In 1938, Sigmund Freud escaped Nazi-controlled Vienna for London. It would be the final year of his life. In the last stages of the cancer that would ultimately take his life, Freud was allowed to take his beloved daughter, Anna, with him, but his sisters were made to stay, and would die in the camps. Although Freud did not live to see the war, the rise of the Nazis to power profoundly affected Freud’s view of humanity and civilization, confirming the dark themes that had begun to enter his work during the pointless slaughters of World War I, just over twenty years before.
A new book by U. Virginia English professor Mark Edmundson intensively studies these last few months of Freud’s life. Entitled The Death of Sigmund Freud: Fascism, Psychoanalysis and the Rise of Fundamentalism (Bloomsbury), the book is reviewed by John Gray in a recent issue of Literary Review. Gray writes:
Writing with great skill, Mark Edmundson shows Freud in all his contradictory humanity. He was shrewd and sober in his dealings with the world; but he also indulged in acts of bravery that could easily have been disastrous. When required to sign a document stating he had been well treated by the Nazis on his departure from Vienna, he could not resist adding, ‘I can most highly recommend the Gestapo to everyone.’ Freud’s courage went beyond defying tyranny. He also defied his own health. The cancer from which he suffered so cruelly in his final years was the result of his addiction to cigars, but he continued to smoke even when he was dying, after suffering over thirty operations…
The book’s focus is on Freud as a political thinker: What impact do unconscious urges have on civilization, in all its fragility? What is the effect on civil society of the instinctive human desire to submit to authority whether in matters of government, or the more expansive matters of religion?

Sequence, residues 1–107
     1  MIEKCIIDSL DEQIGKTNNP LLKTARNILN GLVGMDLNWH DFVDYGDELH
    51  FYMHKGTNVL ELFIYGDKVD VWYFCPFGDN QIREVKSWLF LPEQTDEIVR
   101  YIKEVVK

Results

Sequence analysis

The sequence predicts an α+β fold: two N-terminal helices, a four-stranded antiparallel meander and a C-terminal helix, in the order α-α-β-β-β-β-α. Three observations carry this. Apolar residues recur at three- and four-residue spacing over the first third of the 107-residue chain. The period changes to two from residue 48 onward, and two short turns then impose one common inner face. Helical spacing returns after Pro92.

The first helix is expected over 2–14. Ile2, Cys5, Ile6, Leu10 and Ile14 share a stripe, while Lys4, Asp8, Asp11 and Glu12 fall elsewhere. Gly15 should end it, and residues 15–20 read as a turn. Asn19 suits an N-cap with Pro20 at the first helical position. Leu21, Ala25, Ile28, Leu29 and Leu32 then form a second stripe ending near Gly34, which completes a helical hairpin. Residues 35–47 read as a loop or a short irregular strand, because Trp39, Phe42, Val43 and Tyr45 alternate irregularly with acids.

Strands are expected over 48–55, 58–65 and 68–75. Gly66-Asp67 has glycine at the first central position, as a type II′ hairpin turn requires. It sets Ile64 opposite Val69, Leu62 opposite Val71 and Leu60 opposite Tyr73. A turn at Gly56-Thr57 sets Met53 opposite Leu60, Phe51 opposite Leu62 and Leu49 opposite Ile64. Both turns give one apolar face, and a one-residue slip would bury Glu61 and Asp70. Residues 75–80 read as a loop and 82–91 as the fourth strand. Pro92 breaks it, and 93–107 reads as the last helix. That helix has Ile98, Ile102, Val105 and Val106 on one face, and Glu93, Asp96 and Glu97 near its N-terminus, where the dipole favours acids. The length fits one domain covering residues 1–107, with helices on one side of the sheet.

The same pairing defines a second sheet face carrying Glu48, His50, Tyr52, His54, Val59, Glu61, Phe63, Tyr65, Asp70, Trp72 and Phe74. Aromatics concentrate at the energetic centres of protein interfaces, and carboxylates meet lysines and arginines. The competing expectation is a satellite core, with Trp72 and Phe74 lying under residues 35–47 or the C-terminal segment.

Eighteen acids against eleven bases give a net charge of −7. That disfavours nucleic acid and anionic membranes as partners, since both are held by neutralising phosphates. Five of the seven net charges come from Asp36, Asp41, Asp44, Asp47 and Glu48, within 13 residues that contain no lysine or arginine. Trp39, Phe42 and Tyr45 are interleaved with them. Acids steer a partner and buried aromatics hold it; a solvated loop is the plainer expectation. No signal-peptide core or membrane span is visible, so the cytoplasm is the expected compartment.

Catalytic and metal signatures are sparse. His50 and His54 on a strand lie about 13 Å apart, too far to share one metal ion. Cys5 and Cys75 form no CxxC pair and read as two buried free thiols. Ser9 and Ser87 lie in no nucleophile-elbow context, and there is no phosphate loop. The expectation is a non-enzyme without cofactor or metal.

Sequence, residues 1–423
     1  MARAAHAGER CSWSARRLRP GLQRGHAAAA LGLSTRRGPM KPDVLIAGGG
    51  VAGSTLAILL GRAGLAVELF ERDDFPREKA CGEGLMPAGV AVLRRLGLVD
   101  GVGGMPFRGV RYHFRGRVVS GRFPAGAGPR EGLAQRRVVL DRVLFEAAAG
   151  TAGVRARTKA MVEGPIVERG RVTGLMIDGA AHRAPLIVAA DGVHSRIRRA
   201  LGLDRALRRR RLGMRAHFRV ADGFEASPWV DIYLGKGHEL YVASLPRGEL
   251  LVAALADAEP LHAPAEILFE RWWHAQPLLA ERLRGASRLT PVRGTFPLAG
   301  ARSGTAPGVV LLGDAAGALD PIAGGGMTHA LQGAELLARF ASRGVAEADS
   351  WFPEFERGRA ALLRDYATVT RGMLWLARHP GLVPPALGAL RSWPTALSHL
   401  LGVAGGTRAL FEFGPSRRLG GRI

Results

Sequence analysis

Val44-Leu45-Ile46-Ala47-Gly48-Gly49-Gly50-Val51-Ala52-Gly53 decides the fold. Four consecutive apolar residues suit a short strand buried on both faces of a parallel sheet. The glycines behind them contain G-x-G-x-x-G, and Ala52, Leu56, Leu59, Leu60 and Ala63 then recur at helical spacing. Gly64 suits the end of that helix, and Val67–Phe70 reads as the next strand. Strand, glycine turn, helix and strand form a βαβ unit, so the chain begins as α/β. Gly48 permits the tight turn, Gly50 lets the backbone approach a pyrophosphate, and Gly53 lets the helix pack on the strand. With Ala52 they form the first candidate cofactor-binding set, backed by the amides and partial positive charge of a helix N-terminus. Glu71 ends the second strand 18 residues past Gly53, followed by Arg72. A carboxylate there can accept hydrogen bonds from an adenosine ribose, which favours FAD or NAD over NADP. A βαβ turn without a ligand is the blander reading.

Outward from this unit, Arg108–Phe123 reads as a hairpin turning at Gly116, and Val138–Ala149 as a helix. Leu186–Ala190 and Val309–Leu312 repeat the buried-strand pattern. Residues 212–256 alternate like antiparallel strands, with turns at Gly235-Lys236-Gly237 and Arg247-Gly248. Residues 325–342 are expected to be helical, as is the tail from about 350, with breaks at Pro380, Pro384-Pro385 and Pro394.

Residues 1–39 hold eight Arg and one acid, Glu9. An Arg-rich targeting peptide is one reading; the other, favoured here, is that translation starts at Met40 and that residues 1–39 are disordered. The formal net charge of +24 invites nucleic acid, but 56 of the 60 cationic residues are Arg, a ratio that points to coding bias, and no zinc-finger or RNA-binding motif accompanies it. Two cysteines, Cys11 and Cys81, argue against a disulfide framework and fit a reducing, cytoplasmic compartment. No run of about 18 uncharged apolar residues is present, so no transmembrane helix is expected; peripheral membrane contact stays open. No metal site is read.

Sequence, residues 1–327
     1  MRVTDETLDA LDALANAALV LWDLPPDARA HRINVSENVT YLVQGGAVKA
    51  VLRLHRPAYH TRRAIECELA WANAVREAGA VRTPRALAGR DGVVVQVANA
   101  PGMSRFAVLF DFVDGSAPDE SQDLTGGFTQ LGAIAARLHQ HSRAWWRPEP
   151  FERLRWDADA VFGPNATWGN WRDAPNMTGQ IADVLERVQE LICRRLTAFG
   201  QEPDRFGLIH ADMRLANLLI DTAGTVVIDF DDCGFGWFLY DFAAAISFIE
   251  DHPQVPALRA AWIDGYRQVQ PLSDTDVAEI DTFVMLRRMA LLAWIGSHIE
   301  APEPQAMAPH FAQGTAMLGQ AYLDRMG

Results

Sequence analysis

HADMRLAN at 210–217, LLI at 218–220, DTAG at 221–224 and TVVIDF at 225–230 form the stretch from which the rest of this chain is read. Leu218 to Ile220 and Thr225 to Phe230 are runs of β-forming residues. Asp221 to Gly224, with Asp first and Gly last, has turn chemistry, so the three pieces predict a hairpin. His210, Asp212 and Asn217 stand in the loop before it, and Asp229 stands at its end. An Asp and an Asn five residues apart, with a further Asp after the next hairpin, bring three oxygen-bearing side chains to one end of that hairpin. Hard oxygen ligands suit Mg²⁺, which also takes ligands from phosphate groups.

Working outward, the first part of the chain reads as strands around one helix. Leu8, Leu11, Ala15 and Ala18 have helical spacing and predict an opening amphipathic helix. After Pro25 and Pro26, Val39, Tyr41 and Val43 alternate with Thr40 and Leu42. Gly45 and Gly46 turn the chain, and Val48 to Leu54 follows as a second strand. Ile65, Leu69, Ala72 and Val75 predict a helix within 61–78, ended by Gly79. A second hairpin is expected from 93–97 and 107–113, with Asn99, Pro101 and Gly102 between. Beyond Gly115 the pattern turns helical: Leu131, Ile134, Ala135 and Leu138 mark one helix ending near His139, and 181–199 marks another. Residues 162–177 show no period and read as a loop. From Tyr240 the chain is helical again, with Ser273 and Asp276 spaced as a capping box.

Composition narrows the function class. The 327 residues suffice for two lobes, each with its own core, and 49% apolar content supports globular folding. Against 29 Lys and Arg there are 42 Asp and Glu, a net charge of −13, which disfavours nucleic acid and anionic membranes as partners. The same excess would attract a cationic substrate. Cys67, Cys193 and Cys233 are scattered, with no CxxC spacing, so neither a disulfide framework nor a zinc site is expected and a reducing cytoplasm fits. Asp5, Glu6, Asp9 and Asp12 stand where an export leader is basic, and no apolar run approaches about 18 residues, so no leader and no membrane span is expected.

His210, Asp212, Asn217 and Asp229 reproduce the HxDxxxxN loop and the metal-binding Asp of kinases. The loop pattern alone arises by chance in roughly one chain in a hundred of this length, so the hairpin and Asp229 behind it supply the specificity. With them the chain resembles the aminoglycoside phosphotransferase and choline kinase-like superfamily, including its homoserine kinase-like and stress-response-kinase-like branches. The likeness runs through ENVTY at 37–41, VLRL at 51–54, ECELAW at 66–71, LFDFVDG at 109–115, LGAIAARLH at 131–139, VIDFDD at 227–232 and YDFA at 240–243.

Perhaps displaying a touch of defensiveness (or perhaps reflecting Edmundson’s), Gray opines that “The rise of fundamentalism has generated a moral panic, which is expressed in a hysterical condemnation of religion in all its varieties. Freud never shared this hysteria, or believed that religion could disappear from human life.” This misses the mark. It is the rise of fundamentalism itself that represents a moral panic, and Freud would have sided with those who resist this form of religious radicalism. Freud’s reluctant acceptance of the probable continuation of religion is more properly characterized as resignation than as endorsement. For Freud, religion serves to repress instincts that would ultimately tear civilization apart, but always carries with it, as do all forms of repression, the threat of psychopathology. Unlike the case of individual repression, however, religion threatens psychopathology on a mass scale that can topple a civilization just as effectively as the destructive instincts it was created to curb.
Nevertheless, the review is a thoughtful one that draws the reader in to the issues that dominated the last year of Freud’s life.
A tip-o’-the-hat to Mind Hacks for alerting me to this review.
Another interesting review of this book, written by the president of Wesleyan University, Michael S. Roth, was published in the LA Times.